I know it’s tempting to focus on the issue of slavery. But let’s leave that conversation for another day. For right now let’s stay focused on the surprising fact that the Rabbis were willing for the master to break a commandment so that justice could be served. It was that important to them to teach that those in power need to protect the vulnerable members of their household. The maid servant is set completely free without prejudice and Rashi, the great Jewish commentator [France, 11th century], tells us that once she is free, she can marry a Jew who will protect her.

This speaks directly to what happened at Penn State. While the children that Sandusky abused were not officially members of the Penn State household, once Sandusky brought them onto campus, they became just that. And once the officials knew what Sandusky was doing, it was their obligation to report him and protect those children. Their cruel negligence for more than a decade puts them in the same category as the master in our Talmud.

It’s much too late for the Penn State officials to free those young men from the abuse they suffered. But it is not too late for the officials to take responsibility for their lives. They should be made to provide them with enough money so they can seek the healing they need and have whatever amount of comfort they can find. I believe that because the Penn State officials chose a football program over the lives of young children, they are now permanently responsible for those lives.

Although it’s inspiring that we have the Rabbis’ ruling, we shouldn’t need it to know that each of us is responsible to protect the vulnerable among us. The page of the Talmud citied above makes this way of behaving explicit in the Jewish world, why is it not just as obvious in the secular one?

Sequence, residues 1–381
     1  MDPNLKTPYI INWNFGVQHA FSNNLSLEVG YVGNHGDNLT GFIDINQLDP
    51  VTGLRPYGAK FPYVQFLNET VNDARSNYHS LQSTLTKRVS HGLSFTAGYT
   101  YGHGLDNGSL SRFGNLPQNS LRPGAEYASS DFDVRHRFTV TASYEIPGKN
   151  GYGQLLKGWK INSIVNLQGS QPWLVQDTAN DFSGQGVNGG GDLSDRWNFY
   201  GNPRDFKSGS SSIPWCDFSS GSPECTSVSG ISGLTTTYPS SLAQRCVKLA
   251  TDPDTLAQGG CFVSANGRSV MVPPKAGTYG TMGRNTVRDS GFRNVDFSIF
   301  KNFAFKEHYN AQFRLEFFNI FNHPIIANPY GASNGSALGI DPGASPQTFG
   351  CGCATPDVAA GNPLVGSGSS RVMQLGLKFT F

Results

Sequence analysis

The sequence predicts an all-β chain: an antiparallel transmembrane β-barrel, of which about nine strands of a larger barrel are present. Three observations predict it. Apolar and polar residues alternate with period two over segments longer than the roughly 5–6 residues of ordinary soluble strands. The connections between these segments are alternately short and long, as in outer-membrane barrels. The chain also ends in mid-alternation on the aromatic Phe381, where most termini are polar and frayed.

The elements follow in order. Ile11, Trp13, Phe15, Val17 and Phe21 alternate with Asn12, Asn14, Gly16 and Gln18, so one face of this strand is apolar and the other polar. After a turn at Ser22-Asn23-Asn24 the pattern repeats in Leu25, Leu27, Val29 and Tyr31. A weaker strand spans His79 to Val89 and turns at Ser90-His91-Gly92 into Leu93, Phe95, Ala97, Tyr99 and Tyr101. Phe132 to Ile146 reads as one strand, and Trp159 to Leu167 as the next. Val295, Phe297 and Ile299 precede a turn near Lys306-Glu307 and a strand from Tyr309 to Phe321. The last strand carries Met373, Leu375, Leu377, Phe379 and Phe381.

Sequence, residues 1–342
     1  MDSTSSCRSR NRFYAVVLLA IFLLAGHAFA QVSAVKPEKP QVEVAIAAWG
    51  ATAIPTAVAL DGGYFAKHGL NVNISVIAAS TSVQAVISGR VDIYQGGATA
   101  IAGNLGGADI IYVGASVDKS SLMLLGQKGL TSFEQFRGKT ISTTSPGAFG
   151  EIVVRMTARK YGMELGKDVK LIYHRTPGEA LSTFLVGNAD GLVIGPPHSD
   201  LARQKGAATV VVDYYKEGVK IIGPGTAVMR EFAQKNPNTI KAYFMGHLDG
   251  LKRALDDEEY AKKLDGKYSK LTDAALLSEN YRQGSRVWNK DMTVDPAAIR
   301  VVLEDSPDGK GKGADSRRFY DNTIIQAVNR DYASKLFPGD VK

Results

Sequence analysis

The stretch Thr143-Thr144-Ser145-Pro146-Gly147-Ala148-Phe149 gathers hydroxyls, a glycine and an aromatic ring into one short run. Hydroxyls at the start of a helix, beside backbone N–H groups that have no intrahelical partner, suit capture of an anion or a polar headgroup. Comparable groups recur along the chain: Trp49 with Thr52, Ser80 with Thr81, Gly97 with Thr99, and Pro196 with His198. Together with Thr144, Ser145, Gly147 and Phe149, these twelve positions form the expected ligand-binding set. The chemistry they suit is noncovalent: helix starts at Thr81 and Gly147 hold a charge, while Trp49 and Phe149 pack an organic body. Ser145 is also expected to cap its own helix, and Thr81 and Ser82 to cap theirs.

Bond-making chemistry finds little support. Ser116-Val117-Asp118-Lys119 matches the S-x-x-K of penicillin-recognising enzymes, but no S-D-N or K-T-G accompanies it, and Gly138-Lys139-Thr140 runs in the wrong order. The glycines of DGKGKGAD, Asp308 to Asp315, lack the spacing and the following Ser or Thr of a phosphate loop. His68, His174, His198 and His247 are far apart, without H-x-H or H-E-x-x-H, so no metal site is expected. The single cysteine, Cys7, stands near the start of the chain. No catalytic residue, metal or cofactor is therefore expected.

Even though over the years we have learned how common it is for the powerful to abuse the vulnerable; even though we know that we need to stop these predators, we have yet to change our collective behavior. May Penn State be the example that finally embeds this lesson into our national psyche.


4 thoughts on “Penn State – What can we learn?

  1. Orit Nissan Greenfield

    Rachel yekara!
    Thank you for reminding us the Tikkun that haven’t been done yet.
    Thank you for reminding us that we are responsible each and every day
    as a community of civilaized people to pursue justice.
    Our sages did not forget that Hashem’s will was, is and will be
    to have us participate in this on going creation by creating the missing piece- bringing and restoring justice.
    Toda Raba,

  2. Leah

    Thank you, Rachel, for sharing this insight from Jewish law. The abuse and cover-up at Penn State was horrifying and depressing. It is helpful to hear from our sources where we must go next, ie. supporting the survivors for life. I look forward to more of your beautiful and wise writing.

  3. Marnie

    RBO, I’m so glad you’re writing. This a beautiful d’rash on a terrible situation. I hope that your message is heard by those who need to hear it – the vulnerable, who need to know that we are all commanded to protect them; and the ones who for now are standing idly by, to know that they are commanded to do something. Kol hakavod to you, and Shabbat Shalom!

  4. Marnie

    Btw, I don’t mean to imply that only two groups need to hear this lesson. We all need to hear it; it’s incumbent upon us to make sure that not only do we not stand idly by, but that we are present and aware, so that we don’t willfully blind ourselves to the realities before us.